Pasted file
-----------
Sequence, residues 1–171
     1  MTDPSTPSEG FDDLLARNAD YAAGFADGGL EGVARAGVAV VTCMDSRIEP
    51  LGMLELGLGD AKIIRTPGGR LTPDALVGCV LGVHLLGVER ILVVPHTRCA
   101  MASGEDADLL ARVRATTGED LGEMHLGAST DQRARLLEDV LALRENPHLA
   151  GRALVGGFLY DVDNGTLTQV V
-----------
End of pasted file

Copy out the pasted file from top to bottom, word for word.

Sequence, residues 1–171
     1  MTDPSTPSEG FDDLLARNAD YAAGFADGGL EGVARAGVAV VTCMDSRIEP
    51  LGMLELGLGD AKIIRTPGGR LTPDALVGCV LGVHLLGVER ILVVPHTRCA
   101  MASGEDADLL ARVRATTGED LGEMHLGAST DQRARLLEDV LALRENPHLA
   151  GRALVGGFLY DVDNGTLTQV V